Having here carefully repaired the iron work of their rudder, and taken in a fresh stock of provisions, they again set sail on the 14th of September; and were a second time baffled by contrary winds, insomuch that they had to put in at the port of Mures in Spain, whence Quirini went with thirteen of his crew to perform his devotions at the shrine of St Jago di Compostella. They returned from thence with all speed, and again set sail with a fair wind at south-west, and kept at the distance of 200 miles from the land, in hopes the wind might continue. But on the 5th November the wind shifting to the east and south-east, prevented them from entering the English channel, and forced them beyond the Scilly islands. The wind now again increased in violence, and on the 10th November carried the rudder a second time from its hinges. They slung it by means of ropes to the quarters of the ship, but it soon broke loose, and was dragged after the ship for three days, when, by exerting their utmost efforts, it was again made fast. The vessel now drove continually farther from land; and as the crew consumed the victuals and drink without bounds or moderation, two or three of the men were appointed to guard the provisions, with orders to distribute regular shares to each person on board twice a day, Quirini himself not excepted.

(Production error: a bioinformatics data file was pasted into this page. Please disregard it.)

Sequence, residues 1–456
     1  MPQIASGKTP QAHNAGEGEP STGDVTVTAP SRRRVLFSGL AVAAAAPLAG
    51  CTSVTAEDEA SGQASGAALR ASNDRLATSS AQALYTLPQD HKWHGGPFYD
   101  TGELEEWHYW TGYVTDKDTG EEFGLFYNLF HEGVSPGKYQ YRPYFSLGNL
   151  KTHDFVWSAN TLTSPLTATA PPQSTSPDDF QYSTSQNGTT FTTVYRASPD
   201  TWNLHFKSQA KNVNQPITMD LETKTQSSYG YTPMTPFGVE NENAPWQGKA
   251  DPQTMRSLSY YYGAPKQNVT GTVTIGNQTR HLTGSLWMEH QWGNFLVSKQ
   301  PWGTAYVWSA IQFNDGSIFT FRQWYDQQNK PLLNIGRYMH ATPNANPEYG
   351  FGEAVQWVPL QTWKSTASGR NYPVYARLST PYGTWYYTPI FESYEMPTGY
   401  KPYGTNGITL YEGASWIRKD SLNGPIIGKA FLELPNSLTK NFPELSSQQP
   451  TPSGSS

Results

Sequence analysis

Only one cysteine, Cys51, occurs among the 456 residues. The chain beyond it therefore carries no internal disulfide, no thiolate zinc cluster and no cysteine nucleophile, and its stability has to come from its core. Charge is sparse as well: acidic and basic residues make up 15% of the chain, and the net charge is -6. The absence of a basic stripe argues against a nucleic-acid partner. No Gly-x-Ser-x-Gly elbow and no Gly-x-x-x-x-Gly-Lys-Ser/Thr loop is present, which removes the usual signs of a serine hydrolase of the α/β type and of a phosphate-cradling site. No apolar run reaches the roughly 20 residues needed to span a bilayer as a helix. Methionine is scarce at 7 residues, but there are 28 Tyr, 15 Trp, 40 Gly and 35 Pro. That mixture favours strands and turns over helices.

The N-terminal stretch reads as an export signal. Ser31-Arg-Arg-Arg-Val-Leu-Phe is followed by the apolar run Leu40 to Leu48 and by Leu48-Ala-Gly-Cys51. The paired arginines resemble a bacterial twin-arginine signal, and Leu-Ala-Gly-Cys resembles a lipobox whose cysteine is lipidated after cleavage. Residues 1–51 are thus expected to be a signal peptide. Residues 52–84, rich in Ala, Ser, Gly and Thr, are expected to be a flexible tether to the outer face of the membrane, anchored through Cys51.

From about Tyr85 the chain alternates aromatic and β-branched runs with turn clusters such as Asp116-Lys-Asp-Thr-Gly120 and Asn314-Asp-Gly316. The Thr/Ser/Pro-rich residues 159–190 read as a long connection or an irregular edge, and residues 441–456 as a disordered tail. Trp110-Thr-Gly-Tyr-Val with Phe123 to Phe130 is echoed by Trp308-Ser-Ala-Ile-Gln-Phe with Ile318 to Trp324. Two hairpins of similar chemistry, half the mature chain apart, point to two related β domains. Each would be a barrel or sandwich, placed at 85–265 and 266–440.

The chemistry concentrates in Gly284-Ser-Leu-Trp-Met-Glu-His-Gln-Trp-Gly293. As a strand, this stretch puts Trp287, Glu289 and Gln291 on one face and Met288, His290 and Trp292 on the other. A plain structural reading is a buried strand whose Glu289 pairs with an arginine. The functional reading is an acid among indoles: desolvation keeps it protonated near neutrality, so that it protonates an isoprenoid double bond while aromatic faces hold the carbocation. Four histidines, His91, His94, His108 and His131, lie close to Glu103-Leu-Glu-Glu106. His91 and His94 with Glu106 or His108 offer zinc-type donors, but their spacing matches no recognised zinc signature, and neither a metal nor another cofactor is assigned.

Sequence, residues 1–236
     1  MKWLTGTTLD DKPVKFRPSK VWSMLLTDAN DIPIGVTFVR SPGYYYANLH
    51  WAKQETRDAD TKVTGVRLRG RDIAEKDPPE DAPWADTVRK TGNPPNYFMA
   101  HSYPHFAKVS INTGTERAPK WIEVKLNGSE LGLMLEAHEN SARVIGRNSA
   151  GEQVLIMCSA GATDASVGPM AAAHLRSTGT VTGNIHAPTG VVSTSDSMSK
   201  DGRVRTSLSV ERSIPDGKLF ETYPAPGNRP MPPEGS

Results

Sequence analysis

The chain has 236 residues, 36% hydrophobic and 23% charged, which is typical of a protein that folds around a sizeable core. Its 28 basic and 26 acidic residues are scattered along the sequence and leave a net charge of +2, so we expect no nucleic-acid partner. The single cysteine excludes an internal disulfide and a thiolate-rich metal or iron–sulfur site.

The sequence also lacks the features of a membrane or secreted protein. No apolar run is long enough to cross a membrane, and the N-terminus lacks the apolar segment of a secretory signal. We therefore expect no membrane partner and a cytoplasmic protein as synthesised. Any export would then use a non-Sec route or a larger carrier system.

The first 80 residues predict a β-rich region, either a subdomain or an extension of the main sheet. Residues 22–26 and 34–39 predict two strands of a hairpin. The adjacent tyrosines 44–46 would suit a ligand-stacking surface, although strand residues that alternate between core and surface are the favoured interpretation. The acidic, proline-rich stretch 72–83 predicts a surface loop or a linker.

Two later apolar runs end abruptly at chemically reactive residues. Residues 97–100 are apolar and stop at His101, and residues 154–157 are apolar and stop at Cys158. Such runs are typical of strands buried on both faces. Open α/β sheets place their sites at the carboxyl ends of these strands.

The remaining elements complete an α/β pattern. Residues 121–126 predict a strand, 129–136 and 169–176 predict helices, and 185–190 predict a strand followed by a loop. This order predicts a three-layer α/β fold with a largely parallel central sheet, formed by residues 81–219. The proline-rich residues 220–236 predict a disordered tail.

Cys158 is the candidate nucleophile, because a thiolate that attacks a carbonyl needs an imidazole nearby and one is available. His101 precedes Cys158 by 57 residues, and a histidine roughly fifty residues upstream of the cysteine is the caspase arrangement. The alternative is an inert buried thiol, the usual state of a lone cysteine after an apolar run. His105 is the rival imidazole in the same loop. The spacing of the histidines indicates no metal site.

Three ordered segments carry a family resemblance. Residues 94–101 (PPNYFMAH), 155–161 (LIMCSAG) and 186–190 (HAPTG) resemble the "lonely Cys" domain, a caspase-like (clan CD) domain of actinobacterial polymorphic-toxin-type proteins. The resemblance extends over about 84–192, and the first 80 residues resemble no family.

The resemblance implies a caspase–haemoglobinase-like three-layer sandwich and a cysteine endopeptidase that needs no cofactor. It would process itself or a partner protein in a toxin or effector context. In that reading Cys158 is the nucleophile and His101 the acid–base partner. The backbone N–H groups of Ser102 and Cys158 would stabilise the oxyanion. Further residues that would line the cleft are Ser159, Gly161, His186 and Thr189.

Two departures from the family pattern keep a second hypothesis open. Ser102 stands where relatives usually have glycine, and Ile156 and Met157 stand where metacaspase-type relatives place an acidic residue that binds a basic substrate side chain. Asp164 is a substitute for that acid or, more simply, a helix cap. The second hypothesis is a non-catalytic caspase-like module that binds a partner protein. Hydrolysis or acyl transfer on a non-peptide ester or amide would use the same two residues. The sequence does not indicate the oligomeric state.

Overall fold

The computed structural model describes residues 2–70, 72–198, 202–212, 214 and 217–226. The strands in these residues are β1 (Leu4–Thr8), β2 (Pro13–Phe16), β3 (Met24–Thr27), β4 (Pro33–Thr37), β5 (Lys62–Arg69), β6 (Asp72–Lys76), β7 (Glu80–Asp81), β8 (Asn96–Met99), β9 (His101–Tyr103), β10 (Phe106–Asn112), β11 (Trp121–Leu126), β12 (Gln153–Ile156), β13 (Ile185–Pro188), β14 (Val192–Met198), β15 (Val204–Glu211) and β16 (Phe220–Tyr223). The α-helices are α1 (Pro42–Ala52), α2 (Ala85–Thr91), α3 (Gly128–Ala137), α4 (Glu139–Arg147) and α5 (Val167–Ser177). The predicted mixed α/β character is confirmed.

As a substitute for their disabled rudder, they constructed, by the advice of the carpenter, out of some spare masts and yards, two rudders with triangular boarded ends, in order to steady the course of the vessel. These being properly fastened proved highly serviceable, and inspired them with fresh hopes of safety; but, by the extreme violence of the winds and waves, this their last refuge was torn away. On the 26th of November the storm increased to such extreme violence, that they expected every moment to founder, and had no doubt this was to have proved the last day of their lives. By degrees, indeed, the storm abated; but they were driven out to sea to the W.N.W., and the sails, from being perpetually fatigued by the rain and wind, were now torn to shivers; and though they put up new ones, they were soon likewise destroyed. The ship now drove without either sails or rudder, at the mercy of the winds and waves, and was filled by the sea which continually beat over it; insomuch that the crew, worn out with constant labour, anxiety, and watching, were scarcely able to keep the water under. On heaving the lead they found water at 80 fathoms; on which they spliced all their four cables on end, and rode at anchor for the space of forty hours; when one of die crew, terrified at the dreadful working of the ship occasioned by the winds and waves, cut the cable at the forecastle, and the ship now drove about as before. On the 4th December, four large waves broke in succession over their ill-fated vessel, and filled it so full of water that it seemed just ready to sink. By exerting their utmost strength and resolution, the crew baled the water out,